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Prohibit legislators from voting on legislation they may financially benefit from

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  • Prohibit legislators from voting on legislation they may financially benefit from

    Started by Greg Abbott

    Prohibit legislators from voting on legislation from which they may financially benefit by closing loopholes in the Texas Government Code, and providing options for both criminal and civil suit to ensure the enforcement of these provisions.

    TGC 572.053(a) provides:

    A member of the legislature may not vote on a measure or a bill, other than a measure that will affect an entire class of business entities that will directly benefit a specific business transaction of a business entity in which the member has a controlling interest.

    There are three problems with this language. First, Texas legislators interpret the provision to mean that they do not have a conflict of interest if they vote on legislation that affects an entire industry, and not just their own specific businesses. Indeed, the House Rules comments provide that the disclosure and non-voting for personal business requirement is one “which each member is left to comply according to his or her own judgment as to what constitutes a personal or private interest.” Second, the language does not cover many instances in which a legislator may gain financially because the language only restricts voting on matters in which the member may have a “controlling interest” in a business. Finally, the language does not provide a sufficient enforcement mechanism to ensure that legislators who have a conflict are deterred from improperly voting on issues that implicate them directly.

    In order to foreclose any opportunity for financial gain through official governmental business, Texas Government Code Chapter 572.053 should be amended to include any pecuniary gain through employment, contracts, subcontracts, contingency fees, referral fees, or agreements in order to close legislative interpretation loopholes. Expanding this provision allows for greater transparency and serves to limit potential conflicts of interest.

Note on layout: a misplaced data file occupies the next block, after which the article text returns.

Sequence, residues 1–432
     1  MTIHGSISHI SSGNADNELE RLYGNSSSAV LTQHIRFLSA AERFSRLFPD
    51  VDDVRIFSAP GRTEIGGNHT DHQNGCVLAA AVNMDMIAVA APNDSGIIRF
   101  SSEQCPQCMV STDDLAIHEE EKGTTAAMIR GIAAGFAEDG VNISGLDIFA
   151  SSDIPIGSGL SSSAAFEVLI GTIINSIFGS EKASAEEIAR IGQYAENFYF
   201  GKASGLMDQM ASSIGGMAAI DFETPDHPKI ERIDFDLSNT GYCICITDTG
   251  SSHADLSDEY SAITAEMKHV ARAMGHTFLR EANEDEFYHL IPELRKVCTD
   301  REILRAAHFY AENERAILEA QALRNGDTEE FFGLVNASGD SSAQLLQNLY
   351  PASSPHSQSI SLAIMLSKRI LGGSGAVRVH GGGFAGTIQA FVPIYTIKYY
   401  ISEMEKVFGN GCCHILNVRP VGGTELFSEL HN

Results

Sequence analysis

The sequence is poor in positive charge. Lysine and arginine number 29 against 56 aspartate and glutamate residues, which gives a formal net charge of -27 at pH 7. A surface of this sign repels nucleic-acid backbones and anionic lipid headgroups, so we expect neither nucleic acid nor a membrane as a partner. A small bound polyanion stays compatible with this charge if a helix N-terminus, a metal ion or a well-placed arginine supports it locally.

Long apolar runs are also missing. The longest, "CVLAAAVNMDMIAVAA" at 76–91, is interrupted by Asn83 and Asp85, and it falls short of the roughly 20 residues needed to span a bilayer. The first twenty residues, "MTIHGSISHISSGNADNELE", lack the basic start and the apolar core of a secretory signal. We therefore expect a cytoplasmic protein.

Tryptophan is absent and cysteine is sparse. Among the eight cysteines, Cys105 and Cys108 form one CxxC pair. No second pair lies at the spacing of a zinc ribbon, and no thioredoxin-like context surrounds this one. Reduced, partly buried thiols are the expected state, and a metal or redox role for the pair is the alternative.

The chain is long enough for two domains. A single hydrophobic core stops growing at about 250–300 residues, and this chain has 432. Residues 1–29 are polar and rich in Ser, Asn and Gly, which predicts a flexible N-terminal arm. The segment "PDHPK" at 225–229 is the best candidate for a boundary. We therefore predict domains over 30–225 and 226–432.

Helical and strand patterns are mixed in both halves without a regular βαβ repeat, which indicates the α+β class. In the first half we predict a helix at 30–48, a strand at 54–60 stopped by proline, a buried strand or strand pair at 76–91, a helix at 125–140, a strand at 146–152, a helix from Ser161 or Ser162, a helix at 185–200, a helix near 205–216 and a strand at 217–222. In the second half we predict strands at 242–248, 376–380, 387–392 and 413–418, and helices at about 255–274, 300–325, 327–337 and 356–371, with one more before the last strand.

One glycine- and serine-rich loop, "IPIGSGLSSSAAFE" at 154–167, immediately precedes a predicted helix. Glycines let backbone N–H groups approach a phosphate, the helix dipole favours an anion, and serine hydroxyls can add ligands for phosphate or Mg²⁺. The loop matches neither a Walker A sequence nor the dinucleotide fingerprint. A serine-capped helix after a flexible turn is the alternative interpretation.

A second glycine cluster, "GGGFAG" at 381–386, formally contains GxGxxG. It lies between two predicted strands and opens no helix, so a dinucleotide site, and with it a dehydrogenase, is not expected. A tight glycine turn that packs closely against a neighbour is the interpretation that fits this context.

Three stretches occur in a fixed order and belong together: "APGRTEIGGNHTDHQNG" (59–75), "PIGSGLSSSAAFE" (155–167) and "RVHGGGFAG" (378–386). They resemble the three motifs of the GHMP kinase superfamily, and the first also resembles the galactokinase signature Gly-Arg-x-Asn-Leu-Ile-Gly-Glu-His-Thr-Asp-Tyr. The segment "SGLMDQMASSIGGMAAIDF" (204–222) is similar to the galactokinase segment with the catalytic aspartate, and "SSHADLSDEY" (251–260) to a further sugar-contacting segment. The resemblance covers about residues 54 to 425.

Finally, when legislators violate these provisions, there must be a viable method for the citizens of Texas to hold their representatives accountable. Under current law, any individual may file a sworn complaint with the Texas Ethics Commission alleging a violation of certain laws, including those provided in Texas Government Code Chapter 572, which governs the provisions of this recommendation. This does not provide a sufficient disincentive to discourage legislators from voting on matters of personal interest. Enforcement on the issue should be expanded by providing an option for private citizens to bring civil suit against any alleged violation of this law.

    Amend Texas Government Code Section 572.053 to prohibit legislators from voting on a measure or bill in which the member or member’s spouse has a controlling interest, or through which the member or spouse would derive a pecuniary gain through employment, contract, subcontract, contingency fee arrangement, referral fee, or agreement.

    In addition, amend Texas Government Code Section 572.0531(a) to require members to file a notice before introducing or sponsoring a measure or bill if a person related to the member within the first degree of consanguinity or the member’s spouse is a registered lobbyist with respect to the subject matter of the measure or bill, or if the member has a controlling interest in an entity effected by the measure or bill, or derives a pecuniary gain through employment, contract, subcontract, contingency fee arrangement, referral fee, or agreement.

    Finally, add Texas Government Code Section 572.0532 to provide that violations of the previous sections shall be a Class A Misdemeanor, and may be prosecuted by the Travis County District Attorney’s Office; and to provide that any individual may file civil suit against a legislator in any District Court in Travis County, Texas. In such a civil suit, provide that the individual bringing the suit shall receive at least 15 percent but not more than 25 percent of the proceeds of the action or settlement of the claim, depending upon the extent to which the person substantially contributed to the prosecution of the action. The remainder of the award should be kept by the state for indigent defense under Government Code Chapter 79. The party that prevails in the suit shall also receive an amount for reasonable expenses which the court finds to have been necessarily incurred, plus reasonable attorneys’ fees and costs.

    These changes to the Texas Government Code will ensure a more responsible government for Texas. Disclosure of state contracts, along with the recommended amendment within the Texas Government Code will result in a more transparent government without loopholes for public officials.

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